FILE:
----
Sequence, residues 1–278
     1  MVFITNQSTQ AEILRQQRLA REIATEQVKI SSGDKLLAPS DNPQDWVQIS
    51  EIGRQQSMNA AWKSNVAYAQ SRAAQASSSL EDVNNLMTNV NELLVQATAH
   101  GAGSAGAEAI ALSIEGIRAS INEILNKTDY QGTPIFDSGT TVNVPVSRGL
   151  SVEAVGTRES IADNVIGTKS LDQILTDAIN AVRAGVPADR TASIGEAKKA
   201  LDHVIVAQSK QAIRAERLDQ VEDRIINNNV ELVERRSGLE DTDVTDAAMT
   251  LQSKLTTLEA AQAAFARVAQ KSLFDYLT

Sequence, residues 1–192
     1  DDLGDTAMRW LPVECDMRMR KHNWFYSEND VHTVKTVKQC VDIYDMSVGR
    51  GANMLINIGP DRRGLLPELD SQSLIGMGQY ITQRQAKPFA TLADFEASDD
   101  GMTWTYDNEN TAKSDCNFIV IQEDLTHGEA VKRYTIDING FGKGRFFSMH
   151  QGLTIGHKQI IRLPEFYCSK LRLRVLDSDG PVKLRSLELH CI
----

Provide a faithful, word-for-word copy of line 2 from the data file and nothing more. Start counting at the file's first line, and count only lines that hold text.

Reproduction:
     1  MVFITNQSTQ AEILRQQRLA REIATEQVKI SSGDKLLAPS DNPQDWVQIS